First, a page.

Wake up smiling.
It’s not only great advice, but the name of a fledgling apparel company based in Sointula.
Lauren Hall, who has lived on Malcolm Island off and on since 1992, began work on her ‘Wake Up Smiling Apparel’ line about a year ago.
“I originally thought about focusing on promoting my artwork,” Hall said.
“I enjoy designing imagery, however, I was interested in a platform that was not just limited as an art object,” she explains.
To accomplish this desire, Hall decided to venture into a pop culture medium she felt was functional, fun, and an accessible price.
“You can’t get more pop culture and practical in the fashion world than t-shirts,” she said.
Hall wanted to build a brand “that was uplifting, inspirational, and locally themed.
Her business name, ‘Wake Up Smiling Apparel,’ is about joy and fun. A smile is something that is worn and the statement ‘wake up smiling’ can be a lifestyle.
“It is about being happily engaged with life and the world around us and enjoying what you do every day,” says Hall.
Another inspiration for the name is a meditation described by Thich Nhat Hanh, a Buddhist monk, who says that upon waking people should smile slightly.
“There is also research that indicates the health and wellness benefits of smiling, even if it is a fake smile. And even better, the contagion of smiling at someone allows a person to easily, but generously, extend to others an elevated mood and sense of well-being,” she said.
Along with the psychological and inspirational facets of the business, Hall decided to incorporate natural themes, and even physical materials, that tie her apparel line together with the beauty of the local landscape and the joy people feel by being in it.
“I included a naturally dyed t-shirt, because it adds an unusual dimension to the line,” says Hall.
She explains she experimented with many local materials such as Sitka spruce cones, alder leaves and bark, cedar root and bark, salal berries and leaves, ferns, mint, and lichen.
“I narrowed my focus on Alder leaf dye since it is an easily-accessible tree and offers a range of colour tones,” she said.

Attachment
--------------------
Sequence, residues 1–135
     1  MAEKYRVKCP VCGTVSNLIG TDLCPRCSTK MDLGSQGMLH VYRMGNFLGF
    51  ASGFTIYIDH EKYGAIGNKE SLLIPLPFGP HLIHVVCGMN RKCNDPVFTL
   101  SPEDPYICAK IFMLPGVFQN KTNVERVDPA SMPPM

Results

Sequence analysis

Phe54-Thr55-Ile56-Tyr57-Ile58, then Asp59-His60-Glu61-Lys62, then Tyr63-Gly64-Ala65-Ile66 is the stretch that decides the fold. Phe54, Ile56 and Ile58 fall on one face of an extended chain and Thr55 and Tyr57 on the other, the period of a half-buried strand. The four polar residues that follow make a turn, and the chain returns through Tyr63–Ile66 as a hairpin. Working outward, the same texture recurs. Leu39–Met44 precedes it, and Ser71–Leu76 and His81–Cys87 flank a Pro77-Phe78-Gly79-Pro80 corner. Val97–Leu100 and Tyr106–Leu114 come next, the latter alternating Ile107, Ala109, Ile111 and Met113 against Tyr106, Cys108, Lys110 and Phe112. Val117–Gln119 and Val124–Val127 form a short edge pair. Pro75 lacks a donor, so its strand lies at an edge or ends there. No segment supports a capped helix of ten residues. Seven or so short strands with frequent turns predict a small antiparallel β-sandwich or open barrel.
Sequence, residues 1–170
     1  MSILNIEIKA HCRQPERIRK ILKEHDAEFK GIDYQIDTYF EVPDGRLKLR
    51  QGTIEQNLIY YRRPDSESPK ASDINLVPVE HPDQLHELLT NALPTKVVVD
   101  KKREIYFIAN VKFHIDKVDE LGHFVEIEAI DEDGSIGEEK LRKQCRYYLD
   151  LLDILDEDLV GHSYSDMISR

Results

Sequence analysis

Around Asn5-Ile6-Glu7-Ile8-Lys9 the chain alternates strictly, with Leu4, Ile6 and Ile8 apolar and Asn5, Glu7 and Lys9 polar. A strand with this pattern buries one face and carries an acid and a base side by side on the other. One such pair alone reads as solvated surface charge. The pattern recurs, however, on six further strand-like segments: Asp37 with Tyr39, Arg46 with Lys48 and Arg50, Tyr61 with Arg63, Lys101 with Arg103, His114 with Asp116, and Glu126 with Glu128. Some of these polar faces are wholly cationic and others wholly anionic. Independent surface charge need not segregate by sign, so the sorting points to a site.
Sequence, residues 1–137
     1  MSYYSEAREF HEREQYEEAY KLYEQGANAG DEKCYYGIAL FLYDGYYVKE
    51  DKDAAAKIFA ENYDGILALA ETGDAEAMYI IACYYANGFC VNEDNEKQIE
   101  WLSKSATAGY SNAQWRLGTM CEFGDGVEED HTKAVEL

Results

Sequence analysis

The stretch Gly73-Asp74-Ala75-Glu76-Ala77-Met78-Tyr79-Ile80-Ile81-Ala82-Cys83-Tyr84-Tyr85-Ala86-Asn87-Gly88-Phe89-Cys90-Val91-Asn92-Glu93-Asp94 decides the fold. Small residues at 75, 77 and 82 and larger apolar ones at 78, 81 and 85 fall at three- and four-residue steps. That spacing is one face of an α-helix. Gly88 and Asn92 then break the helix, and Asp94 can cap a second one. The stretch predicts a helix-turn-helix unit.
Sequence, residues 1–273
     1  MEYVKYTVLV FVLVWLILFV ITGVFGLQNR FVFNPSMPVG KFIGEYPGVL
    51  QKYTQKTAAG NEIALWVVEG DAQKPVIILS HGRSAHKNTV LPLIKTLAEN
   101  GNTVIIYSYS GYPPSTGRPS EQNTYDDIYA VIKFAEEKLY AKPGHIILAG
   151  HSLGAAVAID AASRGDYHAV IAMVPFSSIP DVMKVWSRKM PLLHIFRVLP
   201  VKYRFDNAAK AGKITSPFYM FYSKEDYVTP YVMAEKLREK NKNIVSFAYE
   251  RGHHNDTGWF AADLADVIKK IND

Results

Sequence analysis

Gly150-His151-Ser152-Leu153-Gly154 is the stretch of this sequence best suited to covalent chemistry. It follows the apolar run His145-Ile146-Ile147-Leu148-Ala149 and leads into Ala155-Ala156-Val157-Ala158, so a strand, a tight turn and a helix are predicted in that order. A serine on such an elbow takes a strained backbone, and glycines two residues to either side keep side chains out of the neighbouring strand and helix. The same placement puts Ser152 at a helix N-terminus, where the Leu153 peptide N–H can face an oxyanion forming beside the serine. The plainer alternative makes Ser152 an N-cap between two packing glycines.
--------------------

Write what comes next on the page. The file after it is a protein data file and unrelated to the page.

The colour and effect variation depends on what time of year the leaves are collected, how long they are soaked, and how the dye is extracted (using hot or cold extraction).
“Personally, I thoroughly enjoy waking up in the morning and heading out to collect Alder leaves in the forest. Natural dyeing is a specialized and time-intensive process that brings a big element of pleasure to my work day, and I definitely wake up smiling.”
The use of natural dye accentuates Hall’s incorporation of local icons into her line such as orca, Common Northwest Neptune shells, ravens, dragonflies, and hummingbirds.
The clothing line features another interesting element – medieval monk art.
“I am always looking at imagery from different cultures and time periods. I ran across several playful illustrations from illuminated manuscripts and thought they were simply fun. My reaction to them as fun and playful is what drew me to them,” she said.
The last year has been spent bringing her product from the development stage to the marketplace.
This summer Hall took her business on the road, participating in North Island festivals.
“The experience has been invaluable for getting market feedback, making connections, and setting up the direction for the next phases of business building,” she said.
In five years, Hall expects to have connected with organizations and businesses in British Columbia, and to have her apparel line in brick and mortar locations.
“I have also been researching possibilities for expanding sales outside of British Columbia,” she said.
She also plans to have a web presence.
The feedback to Wake Up Smiling Apparel has been positive.
“I have seen much enthusiasm toward my concept and products, but also great generosity to open up possibilities to promote and expand my business venture,” said Hall.
The road to entrepreneurship has not been a straight one.
Hall’s early training was in visual art and music. She attended the Alberta College of Art and Design in the late 1980s and continued on into music at various universities, particularly in classical guitar performance.
Later she experimented with various jobs including being a bike courier, tree planting, personal training, and commercial fishing, to name a few.
In 2000, she went back to the University of British Columbia for an undergraduate degree in anthropology, specializing in archaeology.
This varied background made her realize that she was well equipped to build and run her own business. “I also have a strong entrepreneurial spirit,” she said.
“I decided to move back to Sointula and start my own business since where I lived was important for me. My love of our North Island landscape is a huge influence on my imagery and business concept,” she said.
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